New Aim and Difficulties with the Admissibility of Expert Evidence
The decision of the Full Court of the Federal Court of Australia (comprising a bench of five judges) in New Aim Pty Ltd v Leurng  FCAFC 67 (10 May 2023), focuses on the admissibility of expert evidence, and in particular, the involvement of legal practitioners in the preparation of expert reports.
At the first instance an expert report was held to be inadmissible in its entirety as a consequence of the significant level of involvement of the legal practitioners in the drafting of the same. On appeal that decision was overturned and a new trial ordered, with certain parts of the expert found potentially to be admissible.
The Court relevantly said:
… We observe that it is not unusual in a number of contexts not to finalise the formulation of the question asked of the expert without first discussing the issues with the expert. It would be expected, for example, that a solicitor would engage with an expert in a specialised field of scientific knowledge about how to frame a question so as not to give rise to a nonsensical question or one which misses the real issues or one which fails to engage with all of the issues. This is not an inversion of a process which must be necessarily followed of first asking a question and then having its inadequacies pointed out. The laborious following of such a process is likely to result in increased costs and delay for the parties and ultimately a waste of the Court’s time.
The importance to not influence witnesses, whether lay or expert is highlighted, the Court said, with reference to the FCA Expert Evidence Practice Note and the Harmonised Expert Witness Code of Conduct:
… There are various ethical requirements on legal practitioners involved in the process of gathering or putting evidence into an appropriate form for hearing. At the core of these is a requirement not to influence a witness’s evidence. This applies both to witnesses of fact and expert witnesses providing opinion evidence. Legal practitioners commonly take proofs of evidence from, or draft affidavits of, witnesses of fact. These are commonly drafted from oral communications which occur in conference or written material provided by the witness or which are otherwise available. It is less common for this to occur in the preparation of expert evidence, but there are reasons why it might occur. Where a legal practitioner takes responsibility for the drafting of evidence, the perception may arise that the drafter may have influenced the content of the evidence, even subconsciously.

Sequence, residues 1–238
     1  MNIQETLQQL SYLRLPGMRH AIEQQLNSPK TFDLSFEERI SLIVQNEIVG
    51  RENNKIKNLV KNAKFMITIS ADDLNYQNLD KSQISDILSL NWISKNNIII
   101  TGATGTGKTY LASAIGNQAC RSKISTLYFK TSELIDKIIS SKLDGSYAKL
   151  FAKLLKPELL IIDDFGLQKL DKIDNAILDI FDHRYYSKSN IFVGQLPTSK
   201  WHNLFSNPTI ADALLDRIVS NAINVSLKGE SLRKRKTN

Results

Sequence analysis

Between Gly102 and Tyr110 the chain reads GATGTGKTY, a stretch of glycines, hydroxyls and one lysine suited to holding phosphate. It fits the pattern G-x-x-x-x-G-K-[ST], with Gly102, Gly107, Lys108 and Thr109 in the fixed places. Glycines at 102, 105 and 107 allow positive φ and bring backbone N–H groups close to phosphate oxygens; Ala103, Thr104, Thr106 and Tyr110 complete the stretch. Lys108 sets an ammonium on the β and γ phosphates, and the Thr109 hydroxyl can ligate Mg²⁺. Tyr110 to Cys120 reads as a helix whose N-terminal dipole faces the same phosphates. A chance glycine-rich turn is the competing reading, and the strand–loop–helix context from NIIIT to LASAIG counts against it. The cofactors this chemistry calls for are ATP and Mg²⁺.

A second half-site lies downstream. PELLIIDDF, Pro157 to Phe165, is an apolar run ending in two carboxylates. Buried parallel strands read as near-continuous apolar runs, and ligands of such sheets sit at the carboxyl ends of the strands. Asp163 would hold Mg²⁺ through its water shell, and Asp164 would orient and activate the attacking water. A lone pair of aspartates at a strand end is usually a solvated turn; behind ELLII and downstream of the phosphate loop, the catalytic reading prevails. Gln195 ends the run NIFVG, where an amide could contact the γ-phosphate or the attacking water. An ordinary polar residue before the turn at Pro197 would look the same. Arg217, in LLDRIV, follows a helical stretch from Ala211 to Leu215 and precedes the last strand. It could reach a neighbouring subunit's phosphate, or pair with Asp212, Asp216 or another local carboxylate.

The decision of Dalton J (as her Honour then was) in Landel Pty Ltd & Anor v Insurance Australia Ltd  QSC 247 (11 October 2021) is noteworthy on this issue as well, including at :
….. while lawyers must not coach expert witnesses, or influence the substance of an expert report so that it favours their client, it is permissible, and usually desirable, that lawyers do become involved in the editing of expert reports so that they present material in a way which is accessible and comprehensible, and do not contain irrelevant material. Draft expert reports are disclosable so that the effect of any such input will be obvious to the other parties to the litigation – see r 212(2) and Mitchell Contractors Pty Ltd v Townsville-Thuringowa Water Supply Joint Board.
New Aim also involves the issue as to whether certain information held on an employee’s mobile phone WeChat application was confidential in nature.
A link to the New Aim decision is at: New Aim Pty Ltd v Leung  FCAFC 67 (fedcourt.gov.au)
 This case at first instance was referred to in the article contained in Hearsay Issue 90 – Expert Evidence in Civil Litigation – Formulation and Management.
 At , after making reference to the comments of Lee J in BrisConnections Finance Pty Limited (Receivers and Managers Appointed) v Arup Pty Limited  FCA 1268; (2017) 252 FCR 450 at  – .
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